Under its central case scenario (smooth Brexit), CPI inflation is expected to climb on the back of excess demand and stand at 2.4 percent at the end of the 3-year forecast horizon. In other words, the current stance of policy and market pricing for borrowing costs in the future remain too accommodative to meet the medium-term inflation target. Interestingly, the Bank still sees excess demand even in the event of sterling appreciating by as much as 10 percent.

Brexit uncertainty again ruled out any policy shift today but the new Quarterly Inflation Report (QIR) still shows no quantitative analysis of what a no-deal outcome might mean for GDP and consumer prices. In line with previous meetings, the August minutes adhere to the official line that any monetary policy response to whatever shape Brexit finally takes will not be automatic and could be in either direction.

Apart from the amendment to the policy bias, there is little here for financial markets to chew on. The next move in official rates could be up or down but, in either eventuality, the chances are that it will not be for some time.

July 31, 2019 (Western Union Business Solutions)  – If this week’s Fed meeting was a test of dollar strength, the U.S. unit passed with high marks. The dollar cruised to new highs after the Fed fired its first rate cut in a decade. The greenback clocked May and June highs against the yen and Canadian dollar, respectively, and motored to its strongest in over two years against the euro and sterling. The dollar took comfort from the Fed maintaining an upbeat outlook for the world’s biggest economy. Dollar bulls were particularly emboldened by the Fed ruling out a “lengthy” rate cutting cycle, dubbing its action as a mere “mid-cycle” rate adjustment. Markets responded by scaling back expectations of lower U.S. interest rates, thereby assigning a brighter outlook for the greenback. The dollar faces more tests of strength in U.S. data today on manufacturing and tomorrow on the job market.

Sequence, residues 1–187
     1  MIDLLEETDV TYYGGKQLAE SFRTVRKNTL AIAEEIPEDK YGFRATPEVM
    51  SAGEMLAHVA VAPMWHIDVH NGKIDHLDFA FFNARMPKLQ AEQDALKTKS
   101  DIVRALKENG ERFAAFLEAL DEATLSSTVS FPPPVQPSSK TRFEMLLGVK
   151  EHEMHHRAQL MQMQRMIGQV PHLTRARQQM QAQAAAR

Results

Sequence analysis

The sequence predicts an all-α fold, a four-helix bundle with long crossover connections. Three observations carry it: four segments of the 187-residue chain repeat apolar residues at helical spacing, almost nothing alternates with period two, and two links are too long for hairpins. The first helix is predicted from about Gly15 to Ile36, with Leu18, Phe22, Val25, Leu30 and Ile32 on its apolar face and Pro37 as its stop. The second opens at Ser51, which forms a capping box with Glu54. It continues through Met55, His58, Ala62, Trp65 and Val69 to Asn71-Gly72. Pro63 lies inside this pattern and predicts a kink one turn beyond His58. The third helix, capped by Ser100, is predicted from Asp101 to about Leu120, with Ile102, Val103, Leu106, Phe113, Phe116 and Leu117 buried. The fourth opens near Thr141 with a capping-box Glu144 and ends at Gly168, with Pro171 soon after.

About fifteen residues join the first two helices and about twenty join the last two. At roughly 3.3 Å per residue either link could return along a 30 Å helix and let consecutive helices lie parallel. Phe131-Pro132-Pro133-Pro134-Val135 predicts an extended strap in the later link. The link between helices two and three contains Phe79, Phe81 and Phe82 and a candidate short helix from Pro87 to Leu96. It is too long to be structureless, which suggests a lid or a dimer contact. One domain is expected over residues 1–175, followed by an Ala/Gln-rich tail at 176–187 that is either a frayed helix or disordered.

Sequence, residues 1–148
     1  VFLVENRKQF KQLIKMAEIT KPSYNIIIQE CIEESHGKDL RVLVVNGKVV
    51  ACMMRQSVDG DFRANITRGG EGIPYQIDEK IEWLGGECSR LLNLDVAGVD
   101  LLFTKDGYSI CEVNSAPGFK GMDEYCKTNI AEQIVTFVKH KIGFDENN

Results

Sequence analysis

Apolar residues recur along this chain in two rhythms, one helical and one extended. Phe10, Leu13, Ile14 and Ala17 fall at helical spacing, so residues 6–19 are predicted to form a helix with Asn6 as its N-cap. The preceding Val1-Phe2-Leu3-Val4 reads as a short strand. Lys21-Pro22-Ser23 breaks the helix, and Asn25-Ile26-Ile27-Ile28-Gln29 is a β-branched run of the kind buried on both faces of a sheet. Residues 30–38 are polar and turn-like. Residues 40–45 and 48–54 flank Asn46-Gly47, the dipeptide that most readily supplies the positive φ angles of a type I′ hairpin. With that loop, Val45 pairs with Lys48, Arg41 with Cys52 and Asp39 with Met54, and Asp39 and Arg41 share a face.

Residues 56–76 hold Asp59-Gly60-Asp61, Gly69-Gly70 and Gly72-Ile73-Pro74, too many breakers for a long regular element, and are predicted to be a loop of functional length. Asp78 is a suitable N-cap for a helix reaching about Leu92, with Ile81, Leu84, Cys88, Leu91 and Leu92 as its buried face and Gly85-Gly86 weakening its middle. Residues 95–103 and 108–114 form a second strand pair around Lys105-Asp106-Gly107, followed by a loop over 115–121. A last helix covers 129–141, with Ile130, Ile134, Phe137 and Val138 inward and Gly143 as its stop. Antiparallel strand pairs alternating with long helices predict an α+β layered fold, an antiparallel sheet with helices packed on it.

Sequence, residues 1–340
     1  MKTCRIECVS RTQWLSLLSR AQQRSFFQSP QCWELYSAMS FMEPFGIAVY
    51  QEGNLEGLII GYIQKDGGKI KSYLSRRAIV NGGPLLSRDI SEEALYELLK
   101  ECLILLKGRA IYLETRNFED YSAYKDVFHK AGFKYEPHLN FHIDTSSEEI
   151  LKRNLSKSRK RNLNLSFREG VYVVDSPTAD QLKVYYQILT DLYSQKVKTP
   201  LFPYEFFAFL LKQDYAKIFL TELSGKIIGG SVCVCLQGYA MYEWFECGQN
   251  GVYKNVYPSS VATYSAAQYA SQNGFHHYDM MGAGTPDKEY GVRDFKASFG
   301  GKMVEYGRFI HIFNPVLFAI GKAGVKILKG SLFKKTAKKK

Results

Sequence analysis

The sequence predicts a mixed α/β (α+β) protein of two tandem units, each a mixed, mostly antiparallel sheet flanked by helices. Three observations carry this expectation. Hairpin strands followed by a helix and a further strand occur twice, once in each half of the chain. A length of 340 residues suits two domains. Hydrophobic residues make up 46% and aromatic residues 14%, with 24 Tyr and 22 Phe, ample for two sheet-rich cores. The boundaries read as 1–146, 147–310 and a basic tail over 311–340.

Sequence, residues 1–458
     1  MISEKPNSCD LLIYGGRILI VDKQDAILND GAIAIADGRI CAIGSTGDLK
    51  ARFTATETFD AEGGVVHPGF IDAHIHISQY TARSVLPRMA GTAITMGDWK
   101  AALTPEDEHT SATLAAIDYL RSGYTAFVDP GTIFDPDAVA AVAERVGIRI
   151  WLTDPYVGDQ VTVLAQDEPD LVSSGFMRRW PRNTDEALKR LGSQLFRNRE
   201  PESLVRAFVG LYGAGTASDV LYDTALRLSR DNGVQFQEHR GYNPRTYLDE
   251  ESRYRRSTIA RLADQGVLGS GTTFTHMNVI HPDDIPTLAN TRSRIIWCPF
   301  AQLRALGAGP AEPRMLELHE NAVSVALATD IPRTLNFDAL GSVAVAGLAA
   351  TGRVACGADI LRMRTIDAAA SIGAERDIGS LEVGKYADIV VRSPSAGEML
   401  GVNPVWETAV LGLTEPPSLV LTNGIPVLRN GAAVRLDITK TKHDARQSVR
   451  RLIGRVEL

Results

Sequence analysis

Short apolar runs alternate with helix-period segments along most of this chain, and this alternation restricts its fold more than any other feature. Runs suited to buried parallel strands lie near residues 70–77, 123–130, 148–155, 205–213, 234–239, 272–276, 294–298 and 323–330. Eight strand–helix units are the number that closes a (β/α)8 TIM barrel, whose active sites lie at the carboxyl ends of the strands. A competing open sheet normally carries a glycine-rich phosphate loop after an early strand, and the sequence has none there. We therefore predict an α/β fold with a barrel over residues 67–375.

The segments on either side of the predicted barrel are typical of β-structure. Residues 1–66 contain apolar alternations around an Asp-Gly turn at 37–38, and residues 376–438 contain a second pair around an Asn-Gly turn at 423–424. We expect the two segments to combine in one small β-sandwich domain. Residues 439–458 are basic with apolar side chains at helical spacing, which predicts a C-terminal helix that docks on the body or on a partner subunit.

EUR

A hawkish rate cut from the Fed this week drove the euro through a key floor to its weakest level in 26 months against the greenback. Meanwhile, data Thursday confirmed the weak state of Europe’s manufacturing sector, a key growth engine for the export-driven economy. European numbers this week showing lower inflation and a sputtering factory sector intensified pressure on the ECB to deliver stronger stimulus at its next meeting in September.

GBP

Sterling resumed a slide against the greenback that knocked it to 2 ½ year lows. No Bank of England rescue for the pound, as all nine officials voted to keep interest rates at a low 0.75%. Britain’s central bank also downgraded its outlook for U.K. growth this year in the face of turn for the uncertain Brexit has taken. The world’s No. 5 economy, meanwhile, remained stuck in a soft patch as data confirmed British factory activity contracted from the third time in as many months in July.

CAD